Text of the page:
If I could have chosen to spend more time in Connemara National Park, I would have explored it all; however, I had to decide on just 1 day-hike, so again we rose before the sun, leaving our luxurious castle behind, and headed in the direction of Tully Mountain for sunrise.
The winding roads were quiet at this hour, the morning was moody as if they skies might open up at any moment. Camilla and I set out towards finding the path and the peak of Tully Mountain for a 360 degree vista of the risen land diving into the Irish sea.
A brief and fleeting break in the clouds threw gold everywhere, illuminating the space before us as backlit raindrops filled the sky and my heart swelled; I remember feeling like I was in the right place at the right time that morning.
Passing through Letterfrack around lunchtime we made our way to see Kylemore Abbey from the outside; an impressive neo-gothic structure built in the heart of the Twelve Pins mountains. Taking the inland route of Doo Lough Valley through some of the most stunning countryside I have encountered. I think Camilla and I spent majority of the afternoon pulling the car over and climbing the hills, to view the lochs from above and to attempt to capture a photo of the Irish sheep before they scattered away across the land.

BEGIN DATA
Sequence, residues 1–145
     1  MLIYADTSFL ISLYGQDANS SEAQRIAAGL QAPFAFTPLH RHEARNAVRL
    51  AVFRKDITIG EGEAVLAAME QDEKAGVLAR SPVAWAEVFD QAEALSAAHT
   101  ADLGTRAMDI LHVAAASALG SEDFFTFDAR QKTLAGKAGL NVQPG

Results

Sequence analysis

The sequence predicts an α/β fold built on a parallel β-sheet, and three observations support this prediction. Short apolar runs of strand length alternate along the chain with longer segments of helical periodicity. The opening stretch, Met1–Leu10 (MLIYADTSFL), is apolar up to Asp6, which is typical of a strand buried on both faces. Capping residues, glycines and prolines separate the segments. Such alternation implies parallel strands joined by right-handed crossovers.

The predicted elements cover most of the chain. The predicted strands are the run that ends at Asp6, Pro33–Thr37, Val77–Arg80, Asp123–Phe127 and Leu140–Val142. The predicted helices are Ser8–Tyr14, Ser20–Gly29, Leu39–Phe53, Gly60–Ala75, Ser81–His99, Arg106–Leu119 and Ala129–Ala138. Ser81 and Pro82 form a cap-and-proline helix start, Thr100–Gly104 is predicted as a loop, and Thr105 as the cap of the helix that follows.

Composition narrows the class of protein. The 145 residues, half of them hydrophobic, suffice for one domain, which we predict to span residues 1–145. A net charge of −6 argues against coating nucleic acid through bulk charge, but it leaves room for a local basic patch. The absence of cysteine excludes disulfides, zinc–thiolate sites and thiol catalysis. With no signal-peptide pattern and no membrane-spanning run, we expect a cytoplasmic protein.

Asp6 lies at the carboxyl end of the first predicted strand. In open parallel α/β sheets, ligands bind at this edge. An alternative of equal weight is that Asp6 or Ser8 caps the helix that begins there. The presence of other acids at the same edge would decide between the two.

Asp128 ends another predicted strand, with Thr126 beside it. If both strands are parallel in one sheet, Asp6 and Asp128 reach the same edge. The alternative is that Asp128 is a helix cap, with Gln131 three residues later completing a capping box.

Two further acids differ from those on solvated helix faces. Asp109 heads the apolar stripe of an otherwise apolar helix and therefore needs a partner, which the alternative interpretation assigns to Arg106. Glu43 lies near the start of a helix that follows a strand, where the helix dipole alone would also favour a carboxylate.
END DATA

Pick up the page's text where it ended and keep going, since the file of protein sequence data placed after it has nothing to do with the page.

It’s quite surreal spending time along the west coast in winter, it feels like a wonderland – a giant playground of sorts and as if time slows to still. By the time the afternoon closed in we had found ourselves checking into the next hotel and enjoying a cider at the local pub in Wetsport, County Mayo.
N.B* On this journey is the Croagh Patrick mountain which provides for a pilgrimage hike to the mountain peak at 762 metres (approximately 5 hours up& down). Unfortunately, due to time constraints, we didn’t complete this hike; however, I heard about it from almost every local we came across. And, for a fun fact: Reek Sunday, the last Sunday in July is the day in which hundreds of people, some in barefoot, take the climb up the ‘holy mountain’ in honour of St. Patrick, who spent 40 days fasting on the mountain in 441AD.
Put your exploring shoes on and head for Achill Island.